Geneva-born London School of Economics-educated banker Martin Zaimov has been a household name in Bulgarian banking and political circles since the beginning of the democratisation process in the early 1990s. Zaimov was deputy commerce and trade minister in one of the caretaker governments at the time, and in the period 1997-2003 serves as deputy governor of the Bulgarian National Bank. In this capacity he supervised the implementation of the Bulgarian Currency Board, which most economic analysts agree is the single most important economic device Bulgaria introduced in the wake of its 1996-1997 hyperinflation and banking collapse. At the present time he chairs the supervisory board of the French-owned Society Generale Expressbank.
The first thing I note as we sit down in his spacious office at Aleksandar Stamboliyski Boulevard in Central Sofia is Martin Zaimov's beaming optimism at a time of a severe political crisis where the outcome, it seems, will be more difficult than ever before in Bulgaria's short flirt with democracy. I am tempted to start talking politics, as Zaimov has also made a name for himself as a local politician, but I decide to focus on banking and finance exclusively. After all, what brought me here in the first place is the collapse of a major Bulgarian bank in June and the run on another both events fed fears that an overall banking crisis was imminent.
Banks in regular countries reflect the economy and the general state of society. Banks to a very limited extent have a proactive role in the economy and in life in general. On the other hand, they are a very good reflection of what society is. So, what is happening in the Bulgarian banking sector mirrors what is happening in Bulgarian society. The Corporate Commercial Bank and a number of other banks reflect what I consider to be a relatively small part of the Bulgarian economy. In a broader sense, there is an ongoing transformation not only in Bulgaria of the way things are done. In the case of Bulgaria, this is also a reflection of the slow phasing out of the former Communist regime.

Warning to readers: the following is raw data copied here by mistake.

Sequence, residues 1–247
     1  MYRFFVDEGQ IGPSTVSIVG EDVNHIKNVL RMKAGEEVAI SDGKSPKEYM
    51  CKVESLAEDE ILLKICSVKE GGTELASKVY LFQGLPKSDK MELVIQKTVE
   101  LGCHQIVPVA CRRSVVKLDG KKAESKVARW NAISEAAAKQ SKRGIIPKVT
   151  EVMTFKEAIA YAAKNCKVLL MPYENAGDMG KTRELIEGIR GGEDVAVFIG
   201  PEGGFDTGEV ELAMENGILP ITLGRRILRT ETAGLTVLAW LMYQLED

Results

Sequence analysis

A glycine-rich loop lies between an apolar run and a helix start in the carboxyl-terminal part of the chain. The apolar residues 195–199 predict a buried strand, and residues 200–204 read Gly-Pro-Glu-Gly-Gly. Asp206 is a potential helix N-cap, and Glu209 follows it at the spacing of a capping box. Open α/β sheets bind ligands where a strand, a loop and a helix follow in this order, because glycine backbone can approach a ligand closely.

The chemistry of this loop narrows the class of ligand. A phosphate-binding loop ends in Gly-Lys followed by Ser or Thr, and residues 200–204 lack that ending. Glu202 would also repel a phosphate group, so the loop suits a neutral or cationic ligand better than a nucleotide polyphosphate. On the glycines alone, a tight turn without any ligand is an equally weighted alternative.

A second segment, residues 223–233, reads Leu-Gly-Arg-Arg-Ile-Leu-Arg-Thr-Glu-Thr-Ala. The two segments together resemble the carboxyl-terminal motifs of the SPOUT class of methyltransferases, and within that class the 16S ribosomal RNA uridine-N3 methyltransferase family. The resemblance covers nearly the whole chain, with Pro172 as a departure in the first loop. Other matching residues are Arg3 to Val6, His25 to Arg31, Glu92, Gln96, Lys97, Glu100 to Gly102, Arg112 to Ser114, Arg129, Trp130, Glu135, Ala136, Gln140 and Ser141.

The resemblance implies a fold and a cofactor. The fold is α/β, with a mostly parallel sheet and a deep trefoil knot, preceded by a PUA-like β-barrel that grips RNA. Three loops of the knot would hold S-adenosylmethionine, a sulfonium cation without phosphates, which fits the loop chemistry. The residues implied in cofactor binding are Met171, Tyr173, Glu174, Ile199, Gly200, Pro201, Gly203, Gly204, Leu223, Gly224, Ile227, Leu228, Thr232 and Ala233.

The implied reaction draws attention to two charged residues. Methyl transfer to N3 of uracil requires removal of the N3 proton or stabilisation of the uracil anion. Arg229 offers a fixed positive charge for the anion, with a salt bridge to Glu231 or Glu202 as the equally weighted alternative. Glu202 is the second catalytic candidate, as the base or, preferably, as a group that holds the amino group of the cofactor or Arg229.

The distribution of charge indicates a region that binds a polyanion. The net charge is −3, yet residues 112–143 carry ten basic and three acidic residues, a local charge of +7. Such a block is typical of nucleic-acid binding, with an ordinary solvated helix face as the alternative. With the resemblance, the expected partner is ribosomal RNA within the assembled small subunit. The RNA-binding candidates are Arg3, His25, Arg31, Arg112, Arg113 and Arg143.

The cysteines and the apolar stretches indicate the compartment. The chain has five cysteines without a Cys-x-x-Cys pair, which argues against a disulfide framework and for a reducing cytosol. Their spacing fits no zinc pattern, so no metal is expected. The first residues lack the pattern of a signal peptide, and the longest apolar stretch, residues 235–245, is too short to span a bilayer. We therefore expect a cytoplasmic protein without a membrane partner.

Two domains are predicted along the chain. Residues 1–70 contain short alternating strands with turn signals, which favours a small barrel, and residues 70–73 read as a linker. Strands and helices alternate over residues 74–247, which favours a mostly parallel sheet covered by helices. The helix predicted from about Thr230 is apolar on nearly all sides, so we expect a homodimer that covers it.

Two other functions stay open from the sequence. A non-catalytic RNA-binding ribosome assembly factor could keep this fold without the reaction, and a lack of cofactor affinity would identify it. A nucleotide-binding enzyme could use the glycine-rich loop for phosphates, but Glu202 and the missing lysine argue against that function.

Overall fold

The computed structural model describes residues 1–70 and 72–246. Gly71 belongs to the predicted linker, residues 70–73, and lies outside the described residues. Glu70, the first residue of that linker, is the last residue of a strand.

Is banking in Bulgaria safe at the moment?
But one big bank went into supervision, there was a major run on another...
Banking in general, referring to all banks, is pretty safe. The fact that the Corporate Commercial Bank has difficulties at the moment does not mean that all other banks are related. It could be the case, but it isn't.
In life, and in the economy in particular, there are entities that fail. In this case there is this bank that obviously has difficulties. It might recover, but it will probably be quite difficult for it to do so.